The browser window 300 may also include traditional navigation tools for visiting resources. For example, a menu 306 includes a user selectable list of “favorites” 308, a “home” icon 310 for navigating to a home page, a “search” icon 312 for navigating to a search page, a traditional back button 314, a traditional forward button 316, and an address entry field 318 for manually entering a resource identifier. Some of the traditional navigating tools have certain drawbacks that are noted in the Background section of this application.
When the user selects the intelligent backward navigation button 302, the browser application program navigates to the most recently visited backward navigation target resource. The most recently visited target resource may be a target resource that was visited most recently in a previous browser session. The first resource visited is designated a target resource by default. The user may configure the browser to automatically designate other types of target resources to which the browser will navigate when the intelligent backward navigation button 302 is selected.
With specific reference to the exemplary settings in the configuration window 400, a history order field 404 is used to choose the manner in which the navigation history is presented to the user when the overview button (e.g., overview button 304,
A favorites designation selector 406 enables the user to specify whether, when a favorite resource is navigated to through the favorites list, the favorite resource is designated as a target resource. A typed URL selector 408 enables the user to specify whether a target resource is designated when an associated URL is typed in. A show smart button selector 410 enables a user to specify that the intelligent backward navigation button be displayed or not displayed.
A show overview menu selector 412 enables the user to specify that a menu including the overview button is or is not displayed. A show back/forward buttons selector 414 enables the user to specify that traditional back and forward buttons are or are not displayed. A show back/forward button menu selector 416 enables the user to specify that drop-down menus associated with the traditional back and forward buttons are or are not displayed. A show site menu selector 418 enables the user to specify whether a domain-grouped overview menu is or is not displayed.
An open menu on hover selector 420 enable the user to specify whether the menus enabled using selectors 412, 416, and 418 are or are not opened when the pointer icon is hovered over the button as opposed to when the button is clicked. A WINDOWS classic style selector 422 enables the user to specify whether or not the presentation of the menus, buttons, and other icons are in a WINDOWS classic style.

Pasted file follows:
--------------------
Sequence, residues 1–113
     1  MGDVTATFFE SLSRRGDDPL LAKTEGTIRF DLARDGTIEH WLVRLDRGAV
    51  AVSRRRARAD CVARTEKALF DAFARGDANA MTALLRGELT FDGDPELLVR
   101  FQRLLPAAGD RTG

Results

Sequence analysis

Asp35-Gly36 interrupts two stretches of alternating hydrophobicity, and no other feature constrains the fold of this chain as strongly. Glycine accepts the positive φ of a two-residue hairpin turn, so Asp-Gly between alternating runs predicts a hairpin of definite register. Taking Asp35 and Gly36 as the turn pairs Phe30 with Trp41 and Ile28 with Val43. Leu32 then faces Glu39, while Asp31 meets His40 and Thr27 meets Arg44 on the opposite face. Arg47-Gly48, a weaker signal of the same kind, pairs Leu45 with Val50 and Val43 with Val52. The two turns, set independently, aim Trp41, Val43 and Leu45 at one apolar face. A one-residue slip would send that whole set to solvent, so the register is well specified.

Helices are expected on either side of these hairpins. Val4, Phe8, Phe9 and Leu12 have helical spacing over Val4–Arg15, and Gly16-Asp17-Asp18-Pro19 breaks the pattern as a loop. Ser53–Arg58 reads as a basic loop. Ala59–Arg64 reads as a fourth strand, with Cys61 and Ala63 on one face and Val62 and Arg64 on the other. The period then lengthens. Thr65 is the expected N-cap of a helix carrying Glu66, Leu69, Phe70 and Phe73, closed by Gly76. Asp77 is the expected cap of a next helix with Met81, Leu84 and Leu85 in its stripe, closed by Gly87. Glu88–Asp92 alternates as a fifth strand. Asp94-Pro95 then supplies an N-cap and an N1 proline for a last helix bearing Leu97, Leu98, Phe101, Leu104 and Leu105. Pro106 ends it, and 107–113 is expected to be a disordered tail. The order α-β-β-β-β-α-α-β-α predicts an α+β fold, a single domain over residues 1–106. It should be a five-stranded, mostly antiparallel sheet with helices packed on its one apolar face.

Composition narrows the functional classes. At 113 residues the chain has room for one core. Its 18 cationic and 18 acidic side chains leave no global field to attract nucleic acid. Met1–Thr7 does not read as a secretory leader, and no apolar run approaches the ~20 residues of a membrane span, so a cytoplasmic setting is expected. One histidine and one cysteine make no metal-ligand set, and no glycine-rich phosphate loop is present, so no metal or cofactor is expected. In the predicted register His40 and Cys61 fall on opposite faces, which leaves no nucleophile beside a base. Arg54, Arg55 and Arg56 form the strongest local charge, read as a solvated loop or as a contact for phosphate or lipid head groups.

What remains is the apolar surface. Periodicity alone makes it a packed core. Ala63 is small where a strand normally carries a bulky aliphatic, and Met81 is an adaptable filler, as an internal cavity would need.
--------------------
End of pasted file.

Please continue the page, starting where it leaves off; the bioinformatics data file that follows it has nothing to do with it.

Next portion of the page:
A multi-session jumpback selector 424 enables the user to specify whether or not intelligent backward navigation is to navigate to target resources designated in previous browser sessions. A show prediction links selector 426 enables the user to specify whether or not smart favorites prediction links are shown in the browser overview presentation. For more information related to the show prediction links selector 426, refer to related U.S. patent application Ser. No. 10/839,903, entitled “Intelligent Forward Resource Navigation,” and U.S. patent application Ser. No. 10/839,910, entitled “Browser Session Overview”.
A jumpback links field 428 enables the user to specify a number of intelligent backward navigation targets to be exposed as buttons in the button bar 502 (
A thumbnail width field 436 enables the user to specify the width of thumbnails presented to the user. Menu length fields 438 enable the user to specify the length of the browser window menu corresponding to the session overviews, activated by selector 412 and selector 418.
A database field 440 enables the user to specify a database for storing navigation history and configuration data. An overview lines selector 442 enables the user to specify whether overview lines are to be presented to delimit the links to resources that belong to individual navigation paths in a navigation map or only used to delimit links to resources that have been seen in different browser windows (essentially, indicating the browser window sessions only). A remove all duplicates selector 444 enables the user to specify whether duplicate resource visits are or are not removed from the navigation history. When the remove all duplicates selector 444 is checked, the navigation history will be maintained in a manner such as is shown in the TLHV history 206 (